Former Assistant Commissioner of the Royal Bahamas Police Force Paul Thompson yesterday blamed lawyers for trials taking so long to begin in the Bahamas.
Mr Thompson, who appeared as the guest on a local radio talk show, said there are far too many things that stand in the way of a trial starting and ending as early as it should, with the main problem being lawyers.
“When the gun court was started, they were seated to try cases as quickly as possible,” the retired ACP said.
“We were hoping that within two weeks we could have a trial started. But lawyers changed that. Lawyers then started asking for adjournments. The possession of firearm or drugs cases, for example, are short. A firearm is found in a car with bullets. Three police witnesses, usually the two officers who found it and another officer from the firearms department. That should take 25 minutes.”
“Take, for example, the case with Mr John Bostwick. He has to wait now until September. That’s too long. Then you see, my feeling is that somebody should talk to the magistrates about these long adjournments. The lawyers have taken control of the dates to be set in court. They come in and say they can’t make this date and that date.”
According to Mr Thompson, whenever a suspect is held in custody after four or five years, they must then be released because it would become unlawful to hold them.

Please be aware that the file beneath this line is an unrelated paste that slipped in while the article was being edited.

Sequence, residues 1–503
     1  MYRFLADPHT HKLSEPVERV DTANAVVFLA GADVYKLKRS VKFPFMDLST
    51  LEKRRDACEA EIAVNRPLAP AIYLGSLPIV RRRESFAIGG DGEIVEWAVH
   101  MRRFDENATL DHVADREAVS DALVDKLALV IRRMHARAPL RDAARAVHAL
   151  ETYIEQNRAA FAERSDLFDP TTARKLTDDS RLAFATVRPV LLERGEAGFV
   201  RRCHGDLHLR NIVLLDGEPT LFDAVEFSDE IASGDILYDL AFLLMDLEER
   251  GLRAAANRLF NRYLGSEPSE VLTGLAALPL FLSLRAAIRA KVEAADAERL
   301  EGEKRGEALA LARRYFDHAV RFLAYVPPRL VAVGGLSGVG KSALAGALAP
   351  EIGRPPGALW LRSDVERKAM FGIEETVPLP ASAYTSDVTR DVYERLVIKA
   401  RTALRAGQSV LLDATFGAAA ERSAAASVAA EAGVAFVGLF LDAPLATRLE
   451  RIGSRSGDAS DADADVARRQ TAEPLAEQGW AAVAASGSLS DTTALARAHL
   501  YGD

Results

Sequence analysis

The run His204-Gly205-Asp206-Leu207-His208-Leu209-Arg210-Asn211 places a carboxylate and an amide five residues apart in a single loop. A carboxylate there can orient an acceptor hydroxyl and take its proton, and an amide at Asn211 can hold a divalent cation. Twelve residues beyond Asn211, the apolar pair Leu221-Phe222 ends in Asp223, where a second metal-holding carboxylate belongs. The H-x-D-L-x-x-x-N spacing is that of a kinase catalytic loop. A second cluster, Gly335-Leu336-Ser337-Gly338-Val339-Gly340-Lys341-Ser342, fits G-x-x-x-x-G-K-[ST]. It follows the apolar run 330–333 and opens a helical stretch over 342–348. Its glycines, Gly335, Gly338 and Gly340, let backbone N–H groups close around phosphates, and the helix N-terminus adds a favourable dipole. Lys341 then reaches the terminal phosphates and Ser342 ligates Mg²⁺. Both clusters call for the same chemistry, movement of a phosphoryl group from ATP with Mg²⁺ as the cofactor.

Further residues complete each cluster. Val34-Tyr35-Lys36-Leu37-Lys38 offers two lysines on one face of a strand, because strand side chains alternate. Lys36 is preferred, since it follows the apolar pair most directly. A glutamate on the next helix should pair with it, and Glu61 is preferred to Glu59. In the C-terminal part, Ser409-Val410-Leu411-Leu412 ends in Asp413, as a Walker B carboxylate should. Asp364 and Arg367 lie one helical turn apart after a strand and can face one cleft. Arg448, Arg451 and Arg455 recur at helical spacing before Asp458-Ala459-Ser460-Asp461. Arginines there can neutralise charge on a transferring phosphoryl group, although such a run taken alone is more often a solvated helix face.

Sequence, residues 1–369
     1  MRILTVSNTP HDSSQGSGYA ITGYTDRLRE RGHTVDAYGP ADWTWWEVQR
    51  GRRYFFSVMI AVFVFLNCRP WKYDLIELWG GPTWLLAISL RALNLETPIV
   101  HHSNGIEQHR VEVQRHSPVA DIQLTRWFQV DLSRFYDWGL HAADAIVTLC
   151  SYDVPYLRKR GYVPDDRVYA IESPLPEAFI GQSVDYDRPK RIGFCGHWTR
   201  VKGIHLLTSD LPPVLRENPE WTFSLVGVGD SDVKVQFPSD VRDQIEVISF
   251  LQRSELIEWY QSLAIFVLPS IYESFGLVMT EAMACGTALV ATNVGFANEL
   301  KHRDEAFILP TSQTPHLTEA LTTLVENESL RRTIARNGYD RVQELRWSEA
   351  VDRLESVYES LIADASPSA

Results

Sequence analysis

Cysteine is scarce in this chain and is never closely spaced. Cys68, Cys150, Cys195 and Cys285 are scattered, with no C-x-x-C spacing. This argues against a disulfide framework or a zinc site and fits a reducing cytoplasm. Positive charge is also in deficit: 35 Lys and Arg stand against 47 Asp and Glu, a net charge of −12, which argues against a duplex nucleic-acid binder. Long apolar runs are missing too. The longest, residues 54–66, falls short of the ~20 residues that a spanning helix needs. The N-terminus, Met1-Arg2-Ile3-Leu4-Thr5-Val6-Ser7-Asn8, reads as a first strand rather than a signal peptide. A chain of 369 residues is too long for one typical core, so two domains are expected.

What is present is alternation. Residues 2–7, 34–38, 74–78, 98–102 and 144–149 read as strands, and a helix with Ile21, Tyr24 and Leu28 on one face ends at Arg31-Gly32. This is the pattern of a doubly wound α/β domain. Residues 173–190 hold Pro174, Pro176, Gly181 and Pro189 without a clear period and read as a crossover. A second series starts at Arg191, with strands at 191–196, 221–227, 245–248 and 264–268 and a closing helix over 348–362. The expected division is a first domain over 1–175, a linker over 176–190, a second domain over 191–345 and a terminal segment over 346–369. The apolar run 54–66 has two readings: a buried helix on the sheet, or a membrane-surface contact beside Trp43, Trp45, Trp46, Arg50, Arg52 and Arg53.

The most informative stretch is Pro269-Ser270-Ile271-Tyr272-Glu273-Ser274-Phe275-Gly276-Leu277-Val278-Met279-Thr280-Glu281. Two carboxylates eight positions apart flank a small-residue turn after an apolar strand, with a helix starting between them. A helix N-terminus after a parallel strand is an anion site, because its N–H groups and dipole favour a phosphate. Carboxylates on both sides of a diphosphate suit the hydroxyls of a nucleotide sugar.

He said this is where the problem comes in because a lot of them turn around and commit worse crimes or end up dead. Last week, three men recently released on bail, two of whom were on trial for murder, were shot in the head and killed.
“I must commend the Attorney General and her efforts to get Swift Justice going,” he said. “But it’s going to be costly. If you’re going to have ten courts with jurors coming in, it’s going to be costly.”
Another issue the former ACP said is enabling the release of criminals and the eventual continuation of their criminal activity is “trial by jury.”
“I think as far as trials in the Supreme Court go, we should really look at having trials by judges,” Mr. Thompson said. “I once sat in a trial where it took them two hours to select a jury. We are wasting time.”
Mr Thompson said he knows of several cases where the verdict was almost a guilty one; however, the failure of the jury to reach a unanimous decision was the stumbling stone.